CME: Canadian Packing Plant Closure Limiting US Slaughter26 April 2013
US/CANADA - Slaughter rates are falling back in the US which may be due to closure of the Levinoff-Colbex packing plant in Canada which processed 2-2500 cows a week, write Steve Meyer and Len Steiner.
Coming into this year, the expectation was for US cow slaughter to trend lower, with some forecasts calling for a double digit decline in US cow slaughter rates. After all, record high cattle prices, a shrinking cow herd and lower calf numbers and improving cow-calf profitability were expected to provide an incentive to limit the number of female bovines coming to market and possibly encourage some heifer retention.
With the first four months almost behind us, things have not shaped up exactly as expected. US cow slaughter actually declined sharply from the seasonal high in early January. March and April cow and bull slaughter, however, has been notably higher than a year ago.
USDA reports the weekly official cow and bull slaughter with a two week lag so the latest available data is for the week ending April 6. However, we can get an estimate of the more recent trend
in slaughter from the daily USDA slaughter estimates.
The first chart to the right shows a moving seven day total of daily bull and cow slaughter. For the seven days ending April 24, US cow and bull slaughter was estimated at 140,000 head, 13.8 per cent higher than the previous year and also above 2011 levels. Bull and cow slaughter has been above year ago levels since at least mid March, resulting in a notable increase in the supply of nonfed beef in the marketplace.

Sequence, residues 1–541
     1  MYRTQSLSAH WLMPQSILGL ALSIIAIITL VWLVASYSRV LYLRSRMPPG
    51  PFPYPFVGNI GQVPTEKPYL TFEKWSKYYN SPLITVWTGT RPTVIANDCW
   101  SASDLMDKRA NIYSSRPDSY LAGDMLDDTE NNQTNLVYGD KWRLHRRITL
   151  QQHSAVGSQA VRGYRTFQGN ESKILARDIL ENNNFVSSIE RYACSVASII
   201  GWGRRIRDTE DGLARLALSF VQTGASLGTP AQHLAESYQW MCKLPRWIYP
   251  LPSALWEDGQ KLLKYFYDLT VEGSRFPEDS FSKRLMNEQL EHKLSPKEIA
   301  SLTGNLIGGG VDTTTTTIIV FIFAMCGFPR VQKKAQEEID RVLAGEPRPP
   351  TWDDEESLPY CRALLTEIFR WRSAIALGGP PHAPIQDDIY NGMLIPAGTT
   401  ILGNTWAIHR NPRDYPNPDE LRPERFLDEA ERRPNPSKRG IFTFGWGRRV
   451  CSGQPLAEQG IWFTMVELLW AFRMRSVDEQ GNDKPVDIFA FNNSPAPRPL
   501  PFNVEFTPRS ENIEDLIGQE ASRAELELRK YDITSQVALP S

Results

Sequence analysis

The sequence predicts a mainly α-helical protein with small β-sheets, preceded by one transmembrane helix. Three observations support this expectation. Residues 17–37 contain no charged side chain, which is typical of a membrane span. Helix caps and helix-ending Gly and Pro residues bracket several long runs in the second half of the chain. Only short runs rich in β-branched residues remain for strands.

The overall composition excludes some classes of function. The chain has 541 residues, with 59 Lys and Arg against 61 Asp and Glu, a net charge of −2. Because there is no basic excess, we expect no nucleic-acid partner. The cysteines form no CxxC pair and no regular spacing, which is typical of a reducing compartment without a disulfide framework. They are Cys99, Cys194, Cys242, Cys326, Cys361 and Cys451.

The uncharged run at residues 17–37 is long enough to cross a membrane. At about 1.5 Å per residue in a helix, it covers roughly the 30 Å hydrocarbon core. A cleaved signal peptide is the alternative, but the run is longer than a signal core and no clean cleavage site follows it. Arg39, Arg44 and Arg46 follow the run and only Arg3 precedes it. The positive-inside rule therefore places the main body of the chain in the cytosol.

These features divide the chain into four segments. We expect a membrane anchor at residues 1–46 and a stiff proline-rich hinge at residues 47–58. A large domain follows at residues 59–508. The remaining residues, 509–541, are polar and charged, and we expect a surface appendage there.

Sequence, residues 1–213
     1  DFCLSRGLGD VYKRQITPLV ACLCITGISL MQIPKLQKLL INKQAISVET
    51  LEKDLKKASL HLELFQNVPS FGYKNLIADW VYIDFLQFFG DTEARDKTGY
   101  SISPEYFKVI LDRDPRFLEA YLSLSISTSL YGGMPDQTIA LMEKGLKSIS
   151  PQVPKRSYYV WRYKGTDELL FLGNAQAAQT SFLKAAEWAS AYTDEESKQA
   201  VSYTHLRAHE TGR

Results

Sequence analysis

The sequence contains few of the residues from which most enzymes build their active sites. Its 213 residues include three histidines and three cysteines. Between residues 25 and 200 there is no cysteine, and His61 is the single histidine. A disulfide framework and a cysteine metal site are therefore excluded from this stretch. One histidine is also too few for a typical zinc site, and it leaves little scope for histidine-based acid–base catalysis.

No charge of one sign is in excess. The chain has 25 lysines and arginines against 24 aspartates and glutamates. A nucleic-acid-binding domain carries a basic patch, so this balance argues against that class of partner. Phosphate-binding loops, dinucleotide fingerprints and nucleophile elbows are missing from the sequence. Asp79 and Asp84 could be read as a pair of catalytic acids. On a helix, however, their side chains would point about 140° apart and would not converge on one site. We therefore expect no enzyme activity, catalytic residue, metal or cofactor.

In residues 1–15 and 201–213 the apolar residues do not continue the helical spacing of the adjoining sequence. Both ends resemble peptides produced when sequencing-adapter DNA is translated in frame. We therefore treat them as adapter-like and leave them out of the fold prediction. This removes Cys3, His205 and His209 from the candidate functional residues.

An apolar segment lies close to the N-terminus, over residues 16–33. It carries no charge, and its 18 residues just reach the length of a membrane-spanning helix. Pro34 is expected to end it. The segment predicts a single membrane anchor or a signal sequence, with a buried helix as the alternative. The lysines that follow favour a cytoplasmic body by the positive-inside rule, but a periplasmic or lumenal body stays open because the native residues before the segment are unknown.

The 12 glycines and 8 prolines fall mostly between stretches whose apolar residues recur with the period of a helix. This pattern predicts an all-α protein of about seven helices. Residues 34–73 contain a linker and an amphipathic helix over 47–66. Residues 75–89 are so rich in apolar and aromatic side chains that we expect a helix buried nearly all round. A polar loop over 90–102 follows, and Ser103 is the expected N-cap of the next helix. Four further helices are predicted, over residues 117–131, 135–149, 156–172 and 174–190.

Looking at the regional breakdown in weekly cow slaughter, we can see a notable increase in slaughter in some regions although the regional slaughter data has become increasingly difficult to work with. Because of confidentiality constrains, USDA has discontinued reporting in a number of regions.
Beginning in January 2013, USDA no longer provides weekly slaughter data for region 5, which includes IL, IN, MI, MN, OH and WI. This was an important region as it accounted for about a quarter of all US beef and cow slaughter in 2012.
USDA also does not provide any information from region 7 and region 8. At this point, the regional cow slaughter data only covers about 59 per cent of the US cow slaughter.
Dairy cow slaughter was one of the drivers for the increase in cow slaughter numbers in late 2012 and in 2013, as high feed costs and negative margins forced dairy producers to liquidate their
herds. More recently, however, it appears that the increase in cow slaughter rates has been drives by more beef cows coming to market.
Cold and wet weather in a number of key production areas certainly have negatively impacted cow-calf producers. Also, the sharp decline in forward feeder prices has changed the profitability estimates on future calf production.
Beef cow slaughter in region 6 (TX, OK, NM, LA, AR) averaged 20 per cent below year ago levels through early March but in the last three reported weeks it has jumped some 20 per cent over 2012 levels.
The pace of slaughter cow imports from Canada is another important factor to consider when looking at US weekly cow slaughter rates. As a special report by the Livestock Marketing Information Center points out, the closing of the Levinoff-Colbex cull cow packing plant in Canada, which processed some 2000- 2500 culls cows a week, has meant that more of those cows are now coming to the US.
Note the sharp rise in imports of Canadian cull cow imports since September of last year. Year to date, imports of Canadian cull cows are up 114 per cent or 44,397 head compared to the previous year.
Since the beginning of the year, US cow slaughter is up 0.2 per cent from a year ago but when adjusting for the imports of Canadian cows, US cow slaughter is down 2.4 per cent.
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